Mississippi River

Sail the Mississippi River past the famous St. Louis Arch

About The Mississippi River

The name “Mississippi” comes from the French translation, “Messipi,” of the native American Anishinaabe (Ojibwe or Algonquin) name for the river, “Misi-ziibi,” or “Great River.”
From its source in northern Minnesota, the Mississippi River flows southward for 2,320 miles to the Mississippi River Delta in the Gulf of Mexico. Passing through or border the states of Minnesota, Wisconsin, Iowa, Illinois, Missouri, Kentucky, Tennessee, Arkansas, Mississippi, and Louisiana, it ranks as the fourth-longest and fifteenth-largest river in the world by discharge.
The country’s most iconic river, it is also one of its most perennially popular, a bucket-list experience for generations of Americans lured by the history and beauty of the region. Given its length, the river is usually divided into three parts, each typically taking a week to explore: the Lower Mississippi, which runs from New Orleans to Memphis, Tennessee; the Middle Mississippi, stretching from Memphis to St. Louis; and the Upper Mississippi, considered the most scenic stretch, which runs from St. Louis to St. Paul, Minnesota.
Two companies are veterans of the Mississippi, American Cruise Lines and American Queen Steamboat Company. Itineraries vary depending on temperatures in each region of the country, with summer’s heat causing the bulk of the summer season to be split between Upper Mississippi and Ohio River sailings.

Mississippi River Stats

Length: 2,320 miles
Depth: Average 50 to 100 feet with max depth of 200 feet
Source: Lake Itasca, Minnesota, USA
Mouth: Gulf of Mexico near New Orleans, Louisiana, USA
Locks: 29
Countries: United States of America

Learn More About the Mississippi River of the United States

The Mississippi River, often referred to as the “Mighty Mississippi,” is one of the most iconic and significant rivers in the United States. Stretching approximately 2,320 miles from its source in Lake Itasca, Minnesota, to its mouth at the Gulf of Mexico in Louisiana, the Mississippi River weaves a rich tapestry of history, ecology, culture, and commerce. In this extensive exploration, we will delve into the various facets that make the Mississippi River an extraordinary natural wonder and a vital part of American heritage.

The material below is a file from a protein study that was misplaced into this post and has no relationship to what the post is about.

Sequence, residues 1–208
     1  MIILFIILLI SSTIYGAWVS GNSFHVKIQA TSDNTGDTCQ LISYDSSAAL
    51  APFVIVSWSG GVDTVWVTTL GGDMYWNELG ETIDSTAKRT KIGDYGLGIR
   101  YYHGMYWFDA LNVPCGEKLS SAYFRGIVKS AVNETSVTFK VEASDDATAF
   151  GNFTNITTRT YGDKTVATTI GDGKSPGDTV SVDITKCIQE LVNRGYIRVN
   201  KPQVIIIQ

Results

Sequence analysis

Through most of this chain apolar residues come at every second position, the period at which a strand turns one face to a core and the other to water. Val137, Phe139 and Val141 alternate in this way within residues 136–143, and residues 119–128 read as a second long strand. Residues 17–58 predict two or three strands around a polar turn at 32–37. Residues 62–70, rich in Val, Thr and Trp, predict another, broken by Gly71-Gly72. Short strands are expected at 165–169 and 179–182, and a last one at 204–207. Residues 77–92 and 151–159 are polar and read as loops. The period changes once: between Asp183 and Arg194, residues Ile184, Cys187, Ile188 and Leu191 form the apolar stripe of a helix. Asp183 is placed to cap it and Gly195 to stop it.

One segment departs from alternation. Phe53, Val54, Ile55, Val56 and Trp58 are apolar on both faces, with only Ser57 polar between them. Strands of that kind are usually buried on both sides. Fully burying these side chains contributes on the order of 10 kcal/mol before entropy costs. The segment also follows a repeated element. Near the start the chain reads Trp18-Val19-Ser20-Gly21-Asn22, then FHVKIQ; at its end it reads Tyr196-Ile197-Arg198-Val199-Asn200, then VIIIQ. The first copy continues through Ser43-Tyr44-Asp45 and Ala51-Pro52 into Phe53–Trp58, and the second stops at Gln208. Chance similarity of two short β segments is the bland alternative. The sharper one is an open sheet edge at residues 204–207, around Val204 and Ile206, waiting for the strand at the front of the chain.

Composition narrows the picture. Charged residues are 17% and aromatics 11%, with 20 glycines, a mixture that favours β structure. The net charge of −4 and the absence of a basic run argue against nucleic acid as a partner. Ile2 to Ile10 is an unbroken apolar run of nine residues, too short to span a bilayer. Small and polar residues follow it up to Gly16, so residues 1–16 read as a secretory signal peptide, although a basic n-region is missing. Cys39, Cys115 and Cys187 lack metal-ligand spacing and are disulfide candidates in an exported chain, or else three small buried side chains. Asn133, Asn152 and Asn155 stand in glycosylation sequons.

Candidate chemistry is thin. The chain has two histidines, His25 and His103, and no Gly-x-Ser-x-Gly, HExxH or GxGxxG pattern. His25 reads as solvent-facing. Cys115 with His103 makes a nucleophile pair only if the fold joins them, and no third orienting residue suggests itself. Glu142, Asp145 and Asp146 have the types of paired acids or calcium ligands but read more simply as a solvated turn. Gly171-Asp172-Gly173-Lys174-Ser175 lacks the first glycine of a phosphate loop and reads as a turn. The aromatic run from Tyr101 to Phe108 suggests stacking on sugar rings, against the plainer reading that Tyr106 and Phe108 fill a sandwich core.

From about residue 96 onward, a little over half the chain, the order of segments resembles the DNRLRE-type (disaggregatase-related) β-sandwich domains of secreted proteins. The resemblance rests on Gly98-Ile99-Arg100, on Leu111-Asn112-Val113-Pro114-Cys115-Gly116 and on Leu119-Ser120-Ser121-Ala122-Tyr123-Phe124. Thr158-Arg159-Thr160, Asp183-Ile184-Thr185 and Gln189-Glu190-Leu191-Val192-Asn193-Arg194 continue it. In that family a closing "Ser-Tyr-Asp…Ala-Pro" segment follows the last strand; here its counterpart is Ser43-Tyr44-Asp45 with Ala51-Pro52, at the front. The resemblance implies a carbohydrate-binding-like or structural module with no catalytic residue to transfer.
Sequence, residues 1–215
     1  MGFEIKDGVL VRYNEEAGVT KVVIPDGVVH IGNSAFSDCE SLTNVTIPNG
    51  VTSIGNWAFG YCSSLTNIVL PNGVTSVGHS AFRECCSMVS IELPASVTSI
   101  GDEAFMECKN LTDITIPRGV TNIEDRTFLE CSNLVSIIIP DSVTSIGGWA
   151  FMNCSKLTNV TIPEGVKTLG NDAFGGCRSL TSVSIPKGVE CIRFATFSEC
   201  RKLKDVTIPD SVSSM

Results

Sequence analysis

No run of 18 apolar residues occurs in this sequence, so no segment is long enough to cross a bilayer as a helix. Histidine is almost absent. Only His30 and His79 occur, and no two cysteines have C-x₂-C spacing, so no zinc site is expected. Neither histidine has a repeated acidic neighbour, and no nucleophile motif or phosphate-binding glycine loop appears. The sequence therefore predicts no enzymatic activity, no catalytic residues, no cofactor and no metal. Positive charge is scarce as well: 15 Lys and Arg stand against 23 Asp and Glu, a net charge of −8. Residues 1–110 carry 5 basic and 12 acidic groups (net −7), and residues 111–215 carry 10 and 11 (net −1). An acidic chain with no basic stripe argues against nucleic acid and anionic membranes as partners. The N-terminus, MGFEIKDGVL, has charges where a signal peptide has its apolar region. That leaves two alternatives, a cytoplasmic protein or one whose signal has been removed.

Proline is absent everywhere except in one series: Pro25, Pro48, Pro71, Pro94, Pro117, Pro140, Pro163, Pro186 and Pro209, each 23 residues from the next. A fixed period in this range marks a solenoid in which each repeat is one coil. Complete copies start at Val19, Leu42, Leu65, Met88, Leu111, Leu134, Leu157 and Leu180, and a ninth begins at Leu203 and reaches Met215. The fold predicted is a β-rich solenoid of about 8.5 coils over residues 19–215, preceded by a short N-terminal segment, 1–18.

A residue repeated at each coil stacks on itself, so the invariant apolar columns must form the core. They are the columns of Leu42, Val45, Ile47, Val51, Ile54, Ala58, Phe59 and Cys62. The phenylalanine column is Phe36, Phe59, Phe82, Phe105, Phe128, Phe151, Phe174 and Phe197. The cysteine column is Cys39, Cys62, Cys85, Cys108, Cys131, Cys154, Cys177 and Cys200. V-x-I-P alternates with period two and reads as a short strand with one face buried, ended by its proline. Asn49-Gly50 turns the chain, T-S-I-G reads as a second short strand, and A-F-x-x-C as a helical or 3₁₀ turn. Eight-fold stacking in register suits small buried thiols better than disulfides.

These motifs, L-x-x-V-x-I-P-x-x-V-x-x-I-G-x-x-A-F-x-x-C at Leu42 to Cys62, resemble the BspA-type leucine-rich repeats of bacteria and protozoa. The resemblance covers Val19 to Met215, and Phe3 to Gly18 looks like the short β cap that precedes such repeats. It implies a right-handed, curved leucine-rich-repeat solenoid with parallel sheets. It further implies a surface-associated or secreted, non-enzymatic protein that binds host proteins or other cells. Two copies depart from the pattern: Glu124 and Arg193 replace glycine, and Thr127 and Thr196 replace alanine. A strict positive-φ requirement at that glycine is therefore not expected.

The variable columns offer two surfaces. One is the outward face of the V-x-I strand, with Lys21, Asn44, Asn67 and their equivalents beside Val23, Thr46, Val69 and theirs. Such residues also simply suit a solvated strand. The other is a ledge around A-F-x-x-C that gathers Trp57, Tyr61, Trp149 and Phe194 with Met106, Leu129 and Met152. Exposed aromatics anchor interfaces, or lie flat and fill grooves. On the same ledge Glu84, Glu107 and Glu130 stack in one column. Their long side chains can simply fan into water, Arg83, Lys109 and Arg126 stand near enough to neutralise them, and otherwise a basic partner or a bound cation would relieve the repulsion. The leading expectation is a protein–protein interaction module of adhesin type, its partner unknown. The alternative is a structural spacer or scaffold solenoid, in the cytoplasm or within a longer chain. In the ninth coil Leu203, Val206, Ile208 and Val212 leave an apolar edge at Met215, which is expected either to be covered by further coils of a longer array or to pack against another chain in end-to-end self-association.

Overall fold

Geography and Formation

The Mississippi River begins its journey in northern Minnesota, where it originates from Lake Itasca. From this modest starting point, it winds its way through ten U.S. states—Minnesota, Wisconsin, Iowa, Illinois, Missouri, Kentucky, Tennessee, Arkansas, Mississippi, and Louisiana—before emptying into the Gulf of Mexico. Its vast drainage basin, which extends into parts of Canada, covers approximately 1.2 million square miles, making it the third-largest in the world.  The river’s formation can be traced back to the last Ice Age when glaciers carved out the river’s channel, setting the stage for the modern Mississippi. Over millennia, the river has shaped its surroundings, creating an intricate system of wetlands, bayous, and floodplains that serve as vital habitats for a diverse array of plant and animal species.


Ecology and Biodiversity

The Mississippi River and its associated ecosystems are renowned for their ecological diversity. The river and its floodplains are home to a wide range of wildlife, including numerous fish species like catfish, bass, and sturgeon, as well as iconic reptiles like alligators and snapping turtles. The region also hosts a variety of migratory birds and waterfowl, such as eagles, pelicans, and herons.  The river’s seasonal flooding plays a crucial role in rejuvenating its floodplain habitats and supporting the growth of diverse flora. The Mississippi Alluvial Plain, often referred to as the “Delta,” is a prime example of this phenomenon. It’s a vast expanse of fertile land where cotton, soybeans, and rice are grown, contributing significantly to the nation’s agricultural output.